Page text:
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Angiography, Acute Renal Failure, and Decreased Insulin Requirements in Diabetes Mellitus

James B. Field, MD
Arch Intern Med. 1978;138(3):354-355. doi:10.1001/archinte.1978.03630270008004.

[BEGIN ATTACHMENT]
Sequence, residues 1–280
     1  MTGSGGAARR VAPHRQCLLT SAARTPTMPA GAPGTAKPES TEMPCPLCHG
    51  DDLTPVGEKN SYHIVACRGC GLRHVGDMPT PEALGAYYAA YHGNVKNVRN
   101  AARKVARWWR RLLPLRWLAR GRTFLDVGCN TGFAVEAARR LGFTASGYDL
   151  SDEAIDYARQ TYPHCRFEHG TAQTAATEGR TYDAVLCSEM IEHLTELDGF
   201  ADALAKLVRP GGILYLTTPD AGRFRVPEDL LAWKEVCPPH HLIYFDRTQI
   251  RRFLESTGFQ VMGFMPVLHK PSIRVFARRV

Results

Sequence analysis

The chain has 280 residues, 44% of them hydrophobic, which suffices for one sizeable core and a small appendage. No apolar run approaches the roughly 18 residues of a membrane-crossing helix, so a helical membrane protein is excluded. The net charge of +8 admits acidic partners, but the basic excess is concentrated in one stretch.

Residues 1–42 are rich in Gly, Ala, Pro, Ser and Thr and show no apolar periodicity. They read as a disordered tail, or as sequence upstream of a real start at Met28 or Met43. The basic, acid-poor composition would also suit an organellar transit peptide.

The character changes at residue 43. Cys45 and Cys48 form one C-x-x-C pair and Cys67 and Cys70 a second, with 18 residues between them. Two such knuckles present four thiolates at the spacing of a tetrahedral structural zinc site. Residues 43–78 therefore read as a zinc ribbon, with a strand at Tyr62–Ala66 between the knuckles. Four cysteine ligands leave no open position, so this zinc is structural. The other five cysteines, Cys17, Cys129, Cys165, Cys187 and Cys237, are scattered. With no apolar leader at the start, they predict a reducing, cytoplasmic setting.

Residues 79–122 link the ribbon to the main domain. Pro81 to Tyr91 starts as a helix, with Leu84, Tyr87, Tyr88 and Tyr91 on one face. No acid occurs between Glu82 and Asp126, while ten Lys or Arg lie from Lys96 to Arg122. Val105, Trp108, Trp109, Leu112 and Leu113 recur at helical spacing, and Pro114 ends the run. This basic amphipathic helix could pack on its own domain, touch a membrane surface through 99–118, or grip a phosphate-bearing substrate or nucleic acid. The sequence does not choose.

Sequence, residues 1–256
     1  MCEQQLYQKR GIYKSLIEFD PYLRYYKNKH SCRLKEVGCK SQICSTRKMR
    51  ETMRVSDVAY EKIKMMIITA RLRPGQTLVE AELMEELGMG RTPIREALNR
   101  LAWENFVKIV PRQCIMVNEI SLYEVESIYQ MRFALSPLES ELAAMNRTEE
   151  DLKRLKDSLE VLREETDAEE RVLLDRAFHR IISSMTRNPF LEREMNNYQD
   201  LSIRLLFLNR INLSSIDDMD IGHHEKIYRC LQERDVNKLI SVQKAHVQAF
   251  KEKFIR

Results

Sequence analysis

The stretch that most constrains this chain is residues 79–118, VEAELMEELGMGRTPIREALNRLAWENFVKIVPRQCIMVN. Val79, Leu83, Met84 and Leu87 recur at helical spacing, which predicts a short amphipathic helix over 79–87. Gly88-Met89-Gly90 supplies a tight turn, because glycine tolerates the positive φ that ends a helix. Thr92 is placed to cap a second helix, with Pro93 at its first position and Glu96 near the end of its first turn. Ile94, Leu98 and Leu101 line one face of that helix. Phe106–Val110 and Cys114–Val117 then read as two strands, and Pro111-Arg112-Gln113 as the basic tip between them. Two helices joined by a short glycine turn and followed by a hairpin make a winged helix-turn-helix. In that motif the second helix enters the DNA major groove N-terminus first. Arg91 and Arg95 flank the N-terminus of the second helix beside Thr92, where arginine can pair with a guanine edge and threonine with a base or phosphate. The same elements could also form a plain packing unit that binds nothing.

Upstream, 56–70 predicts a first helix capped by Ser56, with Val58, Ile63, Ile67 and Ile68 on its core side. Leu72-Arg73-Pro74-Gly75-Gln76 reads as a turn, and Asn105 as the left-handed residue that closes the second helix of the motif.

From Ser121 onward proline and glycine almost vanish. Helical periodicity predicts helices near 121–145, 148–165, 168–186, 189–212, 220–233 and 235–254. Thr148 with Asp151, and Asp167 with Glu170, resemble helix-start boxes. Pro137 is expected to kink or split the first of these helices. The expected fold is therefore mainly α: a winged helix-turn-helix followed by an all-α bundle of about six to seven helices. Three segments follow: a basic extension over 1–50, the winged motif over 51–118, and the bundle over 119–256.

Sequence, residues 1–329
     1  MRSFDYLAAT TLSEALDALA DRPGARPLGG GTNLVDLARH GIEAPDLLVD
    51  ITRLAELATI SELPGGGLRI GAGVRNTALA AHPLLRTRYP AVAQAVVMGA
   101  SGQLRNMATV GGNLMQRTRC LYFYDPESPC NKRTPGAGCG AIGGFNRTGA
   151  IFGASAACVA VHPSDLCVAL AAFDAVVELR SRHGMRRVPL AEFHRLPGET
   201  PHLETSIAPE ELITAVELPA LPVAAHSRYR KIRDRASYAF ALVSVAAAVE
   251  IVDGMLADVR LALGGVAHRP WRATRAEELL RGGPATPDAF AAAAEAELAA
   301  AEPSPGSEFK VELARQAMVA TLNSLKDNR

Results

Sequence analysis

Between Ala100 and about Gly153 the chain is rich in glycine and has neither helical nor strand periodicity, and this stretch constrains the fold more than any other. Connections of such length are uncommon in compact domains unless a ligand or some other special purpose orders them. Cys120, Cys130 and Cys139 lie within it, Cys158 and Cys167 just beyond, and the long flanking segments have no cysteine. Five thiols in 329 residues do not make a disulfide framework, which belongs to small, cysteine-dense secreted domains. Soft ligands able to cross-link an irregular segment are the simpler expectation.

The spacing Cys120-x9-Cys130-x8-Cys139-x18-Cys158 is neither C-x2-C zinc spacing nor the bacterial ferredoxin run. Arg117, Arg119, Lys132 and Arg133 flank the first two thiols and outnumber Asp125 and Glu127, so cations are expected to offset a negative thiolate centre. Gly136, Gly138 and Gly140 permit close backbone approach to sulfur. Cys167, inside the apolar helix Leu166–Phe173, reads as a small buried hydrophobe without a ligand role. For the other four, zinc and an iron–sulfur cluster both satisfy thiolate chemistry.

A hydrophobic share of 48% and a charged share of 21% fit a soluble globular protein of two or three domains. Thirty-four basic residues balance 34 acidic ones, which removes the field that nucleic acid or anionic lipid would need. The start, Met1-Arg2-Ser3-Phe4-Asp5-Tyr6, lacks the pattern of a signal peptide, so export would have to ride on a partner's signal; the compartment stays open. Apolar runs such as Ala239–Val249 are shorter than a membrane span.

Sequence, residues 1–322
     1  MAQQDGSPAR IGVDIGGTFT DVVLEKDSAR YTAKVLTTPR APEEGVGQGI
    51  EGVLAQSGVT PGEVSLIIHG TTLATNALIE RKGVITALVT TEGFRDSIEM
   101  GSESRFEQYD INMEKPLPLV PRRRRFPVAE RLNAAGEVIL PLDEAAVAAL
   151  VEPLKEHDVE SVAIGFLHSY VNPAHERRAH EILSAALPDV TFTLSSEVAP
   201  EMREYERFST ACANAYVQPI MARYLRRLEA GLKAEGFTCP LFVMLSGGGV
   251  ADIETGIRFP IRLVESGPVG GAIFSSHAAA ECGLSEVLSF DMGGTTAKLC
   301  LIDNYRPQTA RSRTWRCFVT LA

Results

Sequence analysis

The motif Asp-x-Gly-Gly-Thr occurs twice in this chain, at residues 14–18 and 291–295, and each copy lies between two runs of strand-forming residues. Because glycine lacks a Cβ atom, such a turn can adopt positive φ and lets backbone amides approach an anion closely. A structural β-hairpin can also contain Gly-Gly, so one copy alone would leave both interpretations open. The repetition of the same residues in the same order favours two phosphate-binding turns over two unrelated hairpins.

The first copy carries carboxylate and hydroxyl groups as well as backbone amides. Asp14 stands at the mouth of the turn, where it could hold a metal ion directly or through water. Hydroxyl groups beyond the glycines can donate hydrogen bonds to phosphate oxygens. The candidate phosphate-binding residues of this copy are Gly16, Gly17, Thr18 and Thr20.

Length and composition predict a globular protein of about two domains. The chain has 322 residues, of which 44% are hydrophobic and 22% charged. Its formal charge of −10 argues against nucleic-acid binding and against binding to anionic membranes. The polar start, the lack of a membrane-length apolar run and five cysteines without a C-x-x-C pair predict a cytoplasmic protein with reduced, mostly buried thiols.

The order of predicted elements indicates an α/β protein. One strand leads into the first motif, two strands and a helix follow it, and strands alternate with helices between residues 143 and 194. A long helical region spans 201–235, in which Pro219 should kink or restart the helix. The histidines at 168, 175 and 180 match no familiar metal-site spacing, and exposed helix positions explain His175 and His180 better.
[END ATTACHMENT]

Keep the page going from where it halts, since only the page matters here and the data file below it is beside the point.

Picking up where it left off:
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Weinrauch et al have reported on decreased insulin requirements associated with hypoglycemia in 11 of 12 diabetic patients who developed an acute exacerbation of their chronic renal failure following coronary angiography elsewhere in this issue (p 399). The progression of the renal failure necessitated dialysis in 50% of the patients.1 A 13th patient, who did not experience acute renal failure after angiography, did not manifest hypoglycemia. The smaller amount of dye that this patient received and his higher hemoglobin level may have prevented the superimposed acute renal failure. This 92% incidence of acute renal failure after coronary angiography, compared with a much lower incidence following intravenous infusion pyelography, and the additional problem of hypoglycemia indicate that the risks of the procedure must be carefully weighed against the benefits. Although it is well recognized that fluid deprivation may be an important factor in the genesis of acute renal failure following


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